A change of scenery can be quite inspiring. Sometimes we become so used to our environments that we start to forget about the amazing things that made us fall in love with the places that we live in the first place. We sit and use google maps to explore other places making comments like “it’s so beautiful” or “I wish I lived there” and day dreaming about what could be. We never google our own homes do we? We walk around and, after a while, we take it all for granted.
Rather than talking about other places though, sometimes the most inspiring thing you can do is go and live in them and absorb them. Not only does it make the world a more exciting place but when you return it makes you appreciate your home even more than you did before you left. If I could live in one place, it would be Amsterdam. I think it’s the most amazing city in the world and would be my ideal place to stay if I could. But when I visit Amsterdam, I always come home and notice more about Edinburgh, things I’ve missed previously, and that is something I truly love.
Landscapes and surroundings therefore change a person. Change perspective. Change focus and, in the case of music, change inspiration. ‘A Correction’ is very much a record about Canada. It’s an Englishman, uprooting and moving across the Atlantic to Vancouver to live for a time and, in so doing, finding new inspiration for creation, resulting in his most assured and confident piece of music to date. ‘A Correction’ is a real triumph and one that cements Fieldhead’s reputation as a master of his craft.
And it’s this growth, from the brilliant debut ‘They Shook Hands For Hours’, through the experimental ethos of ‘Riser’ and into ‘A Correction’ that shows real development and focus as an artist.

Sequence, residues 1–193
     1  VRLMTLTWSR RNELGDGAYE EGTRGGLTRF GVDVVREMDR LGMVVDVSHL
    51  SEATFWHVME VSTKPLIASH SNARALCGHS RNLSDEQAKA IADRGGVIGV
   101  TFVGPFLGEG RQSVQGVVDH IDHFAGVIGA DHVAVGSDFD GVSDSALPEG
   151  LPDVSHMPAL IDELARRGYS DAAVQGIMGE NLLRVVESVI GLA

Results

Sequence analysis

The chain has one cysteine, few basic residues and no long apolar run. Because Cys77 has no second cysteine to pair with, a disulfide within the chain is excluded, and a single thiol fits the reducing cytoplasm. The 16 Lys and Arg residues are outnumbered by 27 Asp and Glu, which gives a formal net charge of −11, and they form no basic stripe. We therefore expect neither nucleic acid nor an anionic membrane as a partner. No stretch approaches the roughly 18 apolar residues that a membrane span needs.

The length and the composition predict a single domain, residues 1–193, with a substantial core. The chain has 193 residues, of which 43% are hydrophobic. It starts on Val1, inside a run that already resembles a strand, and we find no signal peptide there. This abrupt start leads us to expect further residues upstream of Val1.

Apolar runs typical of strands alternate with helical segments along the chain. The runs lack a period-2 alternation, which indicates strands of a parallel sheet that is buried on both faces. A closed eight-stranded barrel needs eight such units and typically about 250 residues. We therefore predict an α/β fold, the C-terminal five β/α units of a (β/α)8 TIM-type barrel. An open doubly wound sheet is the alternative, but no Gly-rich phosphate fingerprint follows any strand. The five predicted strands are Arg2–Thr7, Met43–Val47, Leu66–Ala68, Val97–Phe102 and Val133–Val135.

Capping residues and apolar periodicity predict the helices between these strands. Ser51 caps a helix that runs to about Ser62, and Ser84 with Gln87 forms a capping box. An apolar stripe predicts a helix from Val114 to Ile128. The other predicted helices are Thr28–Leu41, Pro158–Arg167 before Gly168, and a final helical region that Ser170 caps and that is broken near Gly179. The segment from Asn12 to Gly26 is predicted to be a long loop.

From the moment you pick up your copy of this album the influence of place is clear. Art showing a lone figure on what appears to be a frozen landscape. This is not the UK. It’s not about the UK. It’s not set in the UK. It’s not made in the UK. It is about place and people and the emotional interactions we experience as humans, and it’s wonderful.
From the off, everything that made Fieldhead so special is there. I have often pointed out that his use of beats is incredible. The type of processed beat on offer is the kind that can kill a record, pushing it from the sublime to the nasty in a flash. The margin for error is fine. The difference between a class piece of electronic music and something that sounds like a bad drum demo on one of those keyboards your school music department used to have is very narrow. Knowing your craft, that’s the key. And Fieldhead clearly understands how subtle processed beats can take a track and an album to a different level. Title track ‘A Correction’ is a perfect example of this opening the album with a mass of static and crackles given propulsion by one of those wonderful beats. But the album is littered with these subtle propulsions, used perfectly to lift the record when necessary. Elsewhere the album is filled with ethereal landscapes using a mixture of processed sounds and strings and the result is something quite other worldly. This really had to be a winter release as it fits the changing of the seasons with such perfection.
So Fieldhead moved to Canada and created an assured and mature record that reflects place. He’s back in the UK again now and hopefully appreciating and noticing his surroundings more than ever before. If that then translates into inspiration and creationwe are in line for ever improving offerings from one of the UKs finest talents. I cannot recommend this album highly enough.
You can find out more about Fieldhead and order your copy of ‘A Correction’ here. Enjoy.